Keep pace with PACER
We’ve been monitoring PACER (Public Access to Court Electronic Records) news and the latest is a big announcement from the folks at the Free Law Project via our colleague Sabrina Pacifici. The public can now set-up a limited number of PACER alerts for free at CourtListener.com. That’s right, I said free, which is indeed an interesting development and a major advance in the push for public access to legal information.
Develop your KM sales pitch
One of the biggest changes to affect librarians and other information professionals is the greater priority we must now place on outreach, promotion and communicating our value.
Knowledge management expert Nick Milton knows what it takes. When Nick talks, people who are serious about knowledge management listen, which is why his talking points are so valuable to the rest of us. As someone who knows what it takes to launch and maintain a successful KM program, Nick takes us back to one of the most basic building blocks of just such a system—getting buy-in.
Based on a talk he gave to an ISKO gathering in Singapore, this information comes to you in video format.
Legal tech learnings from #ILTACON
Let’s ride the waves of ILTACON, the annual conference of the International Legal Technology Association, which just concluded its 2018 event on August 23.
Following are just a few findings from ILTACON:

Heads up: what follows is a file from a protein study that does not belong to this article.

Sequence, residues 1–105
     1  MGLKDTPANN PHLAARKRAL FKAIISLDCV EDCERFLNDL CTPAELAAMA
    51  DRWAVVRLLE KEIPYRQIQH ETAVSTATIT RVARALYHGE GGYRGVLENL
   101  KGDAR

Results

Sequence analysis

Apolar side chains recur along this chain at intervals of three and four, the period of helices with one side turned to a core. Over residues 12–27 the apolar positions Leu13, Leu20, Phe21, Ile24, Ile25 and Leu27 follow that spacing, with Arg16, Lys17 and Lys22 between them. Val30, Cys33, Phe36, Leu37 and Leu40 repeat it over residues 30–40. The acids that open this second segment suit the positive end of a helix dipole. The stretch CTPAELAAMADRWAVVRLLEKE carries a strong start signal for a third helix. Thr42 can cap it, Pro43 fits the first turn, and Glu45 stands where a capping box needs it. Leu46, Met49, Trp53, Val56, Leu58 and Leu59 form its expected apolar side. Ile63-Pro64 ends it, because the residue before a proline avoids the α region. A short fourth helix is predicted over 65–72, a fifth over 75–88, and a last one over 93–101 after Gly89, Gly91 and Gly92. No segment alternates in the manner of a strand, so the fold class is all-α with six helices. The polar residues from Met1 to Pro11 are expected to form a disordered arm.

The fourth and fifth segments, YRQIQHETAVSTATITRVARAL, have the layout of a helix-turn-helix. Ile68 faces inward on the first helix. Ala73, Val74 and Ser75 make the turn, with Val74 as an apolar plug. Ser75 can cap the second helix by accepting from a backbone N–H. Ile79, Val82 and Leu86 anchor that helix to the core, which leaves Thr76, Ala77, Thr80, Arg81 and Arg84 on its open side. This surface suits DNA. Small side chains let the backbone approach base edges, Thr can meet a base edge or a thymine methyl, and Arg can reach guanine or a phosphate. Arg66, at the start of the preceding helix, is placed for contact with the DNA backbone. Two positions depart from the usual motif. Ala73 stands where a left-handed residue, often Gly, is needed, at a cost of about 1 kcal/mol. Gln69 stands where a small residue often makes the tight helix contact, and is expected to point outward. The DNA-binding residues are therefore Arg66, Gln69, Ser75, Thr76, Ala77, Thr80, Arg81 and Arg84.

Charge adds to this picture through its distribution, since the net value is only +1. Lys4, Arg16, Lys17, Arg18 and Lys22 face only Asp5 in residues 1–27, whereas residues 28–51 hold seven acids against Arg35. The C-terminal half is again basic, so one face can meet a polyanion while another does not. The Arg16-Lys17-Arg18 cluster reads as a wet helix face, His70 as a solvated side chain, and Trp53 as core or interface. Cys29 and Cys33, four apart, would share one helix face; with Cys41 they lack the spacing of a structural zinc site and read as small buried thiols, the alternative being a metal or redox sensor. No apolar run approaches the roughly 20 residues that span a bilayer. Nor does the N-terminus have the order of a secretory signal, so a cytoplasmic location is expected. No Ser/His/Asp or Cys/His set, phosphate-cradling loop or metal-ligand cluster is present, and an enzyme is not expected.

Kill the Company, Start an Innovation Revolution (podcast with Lisa Bodell)
Roundup of Company and Product News from ILTACON (from Robert Ambrogi)
Finally, ILTA has made photos and speaker materials available on its website, so whether you missed the event entirely or would appreciate a reminder, this is an excellent resource—thank you ILTA.
Blockchain for legal purposes
Much is said about the use of blockchain technology in cryptocurrencies like Bitcoin, for which the primary use so far seems to be for illegal purposes, like drug-dealing on the dark web. However, blockchain is promising for many legal uses, such as smart identity, smart contracts and dynamic registries. I’m happy to share news on those topics with my law library colleagues to keep our profession at the forefront.
Data Analytics, Esquire
Mining legal data, computational law, and contract analytics and standards are just some of the topics in a new book edited by Ed Walters that is intended to help “legal professionals meet the challenges posed by a data-driven approach to delivering legal services.”
Lawyers make decisions and judgements based on knowledge—expertise gained over years of practice. Now they have another decision-making resource they can tap into, one that is equally available to lawyers new and experienced: data.
That’s it for this month’s curated readings. Have I missed something?
I look forward to hearing your thoughts.